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Humanitarian sciences in Siberia

2021 year, number


N.S. Gurianova
Institute of History SB RAS, Novosibirsk, Russian Federation
Keywords: Russian Church, XVII century, religiosity, Nikon, patriarch, reform, schism, eschatology, Old Believers

Abstract >>
The article is devoted to studying the problem of Patriarch Nikon`s appeal to the Christian eschatological doctrine in the letters to Tsar Alexey Mikhailovich and the essay «Vozrazhenie, ili Razorenie...». The text analysis allowed showing that Nikon began to interpret his status change as persecution of the Church after leaving the patriarchal throne. He presented himself as protector of the Church. Opponents of church reform chose the same line of behavior. During the exile Nikon was forced to justify his behavior and defend his views, i.e. found himself in a situation very similar to that of his opponents. In this case, Nikon clearly manifested the religiosity of the medieval type, and explaining his position, he turned to the eschatological doctrine. This doctrine provided an opportunity to interpret the current situation of persecution as a result of the Antichrist’s reign coming. The church reform opponents perceived their position in a similar way. They also appealed to the Christian eschatological doctrine. Appealing to Patriarch Nikon’s epistles written after the patriarch had left his position, as well as to the text of the essay “Vozrazhenie, ili Razorenie...” made it possible to conclude that such eschatological expectations were possible in the worldview of any person who lived in the second half of the XVII century. It could be explained both by the spiritual crisis and changes in the situation of a particular person, which is especially noticeable in Patriarch Nikon’s life. His theological, historical-canonical, philosophical views should be defined as typical of a Modern history person. Having lost the status of patriarch, Nikon, like his opponents, began to interpret the persecution in the spirit of the Christian teaching about the ultimate destinies of the world and man. Eschatological constructions in the Old Believers and Patriarch Nikon’s writings indicate that religiosity of the medieval type remained a characteristic feature in views of Russia’s population in the XVII century.


T.V. Panich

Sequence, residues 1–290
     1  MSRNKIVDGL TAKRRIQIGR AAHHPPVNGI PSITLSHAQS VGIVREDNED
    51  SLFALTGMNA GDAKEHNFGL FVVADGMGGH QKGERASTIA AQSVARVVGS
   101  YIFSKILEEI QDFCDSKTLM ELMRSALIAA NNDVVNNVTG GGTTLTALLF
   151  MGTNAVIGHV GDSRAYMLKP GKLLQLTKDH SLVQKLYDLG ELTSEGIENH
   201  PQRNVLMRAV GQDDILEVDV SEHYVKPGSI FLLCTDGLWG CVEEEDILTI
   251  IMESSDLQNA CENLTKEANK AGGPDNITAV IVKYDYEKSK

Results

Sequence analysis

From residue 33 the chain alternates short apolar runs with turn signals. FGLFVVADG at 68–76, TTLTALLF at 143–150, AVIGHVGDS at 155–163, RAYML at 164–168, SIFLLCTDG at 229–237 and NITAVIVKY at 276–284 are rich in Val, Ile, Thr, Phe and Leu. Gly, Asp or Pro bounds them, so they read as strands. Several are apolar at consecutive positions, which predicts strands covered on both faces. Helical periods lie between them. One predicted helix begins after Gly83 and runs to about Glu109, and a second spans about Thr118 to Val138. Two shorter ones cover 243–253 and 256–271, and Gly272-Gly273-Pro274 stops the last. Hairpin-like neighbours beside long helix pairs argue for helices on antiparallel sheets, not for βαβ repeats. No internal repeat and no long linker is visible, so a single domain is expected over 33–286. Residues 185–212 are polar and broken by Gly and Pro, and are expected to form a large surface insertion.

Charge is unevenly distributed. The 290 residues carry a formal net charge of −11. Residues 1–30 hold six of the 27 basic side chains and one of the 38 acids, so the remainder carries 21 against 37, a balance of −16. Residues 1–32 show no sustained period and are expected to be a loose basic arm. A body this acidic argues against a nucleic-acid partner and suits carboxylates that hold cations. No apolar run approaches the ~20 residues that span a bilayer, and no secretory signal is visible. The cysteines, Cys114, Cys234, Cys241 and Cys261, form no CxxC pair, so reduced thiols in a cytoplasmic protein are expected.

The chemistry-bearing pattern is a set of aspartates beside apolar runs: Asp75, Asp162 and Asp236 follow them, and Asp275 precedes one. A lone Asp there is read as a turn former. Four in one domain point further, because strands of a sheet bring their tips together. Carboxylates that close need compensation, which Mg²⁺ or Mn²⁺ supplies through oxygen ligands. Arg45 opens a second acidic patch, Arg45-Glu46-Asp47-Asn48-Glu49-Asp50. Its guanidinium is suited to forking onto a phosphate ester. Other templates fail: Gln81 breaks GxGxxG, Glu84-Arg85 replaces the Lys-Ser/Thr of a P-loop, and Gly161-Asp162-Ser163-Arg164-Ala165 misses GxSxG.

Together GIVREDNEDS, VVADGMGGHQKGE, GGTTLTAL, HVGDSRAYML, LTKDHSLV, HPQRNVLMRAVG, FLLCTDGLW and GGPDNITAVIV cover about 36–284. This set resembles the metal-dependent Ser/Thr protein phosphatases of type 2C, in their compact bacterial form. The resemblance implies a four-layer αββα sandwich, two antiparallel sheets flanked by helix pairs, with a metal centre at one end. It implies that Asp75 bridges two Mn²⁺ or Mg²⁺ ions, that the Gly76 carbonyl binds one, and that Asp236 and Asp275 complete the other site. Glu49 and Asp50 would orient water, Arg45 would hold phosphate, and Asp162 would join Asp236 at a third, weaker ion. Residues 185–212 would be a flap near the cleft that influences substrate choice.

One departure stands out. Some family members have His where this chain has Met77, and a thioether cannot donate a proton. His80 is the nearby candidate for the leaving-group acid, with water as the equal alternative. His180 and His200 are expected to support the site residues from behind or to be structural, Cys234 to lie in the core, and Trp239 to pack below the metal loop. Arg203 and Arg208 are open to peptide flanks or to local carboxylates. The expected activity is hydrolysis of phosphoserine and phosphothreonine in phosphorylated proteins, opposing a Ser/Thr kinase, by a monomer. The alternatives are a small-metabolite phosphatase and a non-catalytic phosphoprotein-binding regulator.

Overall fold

Institute of History SB RAS, Novosibirsk, Russian Federation
Keywords: Pyotr Artemyev, “Notebooks”, biographical information, Euthymius Chudovsky, “Writings out of Notebooks”

Abstract >>
Studying the issues related to Peter Artemyev’s biography, a writer and poet, representative of the Russian literary culture of the second half of the XVII century, is important for a deeper understanding of his work. A valuable source containing information about the writer’s life and literary activity is his essay «Notebooks». It was written by Artemyev during his stay in Novospassky monastery, where he was placed after promoting the Catholic Church teachings. The «Notebooks» are known today from extracts preserved in the structure of the polemical work by Euthymius Chudovsky «Writings out of Notebooks...». The article uses the list of this work contained in a manuscript of the Library of the Academy of Sciences, P.I.V.11 (34.3.13), as research materials. The task to study «Notebooks» surviving fragments was to search for additional facts and information concerning the personality of Peter Artemyev, his views and biography, which determined the features of his work. The article presents in brief the history of «Notebooks» text, as well as an attempt to determine its genre features: the essay is a complex text in terms of its composition. Obviously, it included travel and diary notes, elements of the biographical and memoir genres. «Notebooks» reflect the theme of the author’s spiritual search and confessional choice. Having changed his religion during his studies with the Jesuits, Artemyev openly expressed his new views and beliefs in his «Notebooks», despite the threat of church court proceedings. The writer’s fragmentary confessions testify to his attitude to the Old Believers, their punishment practice, which was characterized by cruelty, and he condemned it. A new reading of the surviving quotations from «Notebooks» allowed clarifying and expanding the range of information concerning a small, but important period of his life described by Peter Artemyev (an educational trip to Europe and return to Moscow). The obtained data supplement our knowledge about the biography of Peter Artemyev, circumstances of his conversion to Catholicism, and the writer’s value attitudes.


V.A. Romodanovskaya
Institute of Russian literature (Pushkin House) RAS, Saint Petersburg, Russian Federation
Keywords: Gennady’s Bible, Holy Scripture handwritten texts, Middle Ages’ printing, phototypic and diplomatic publications, scientific publication

Abstract >>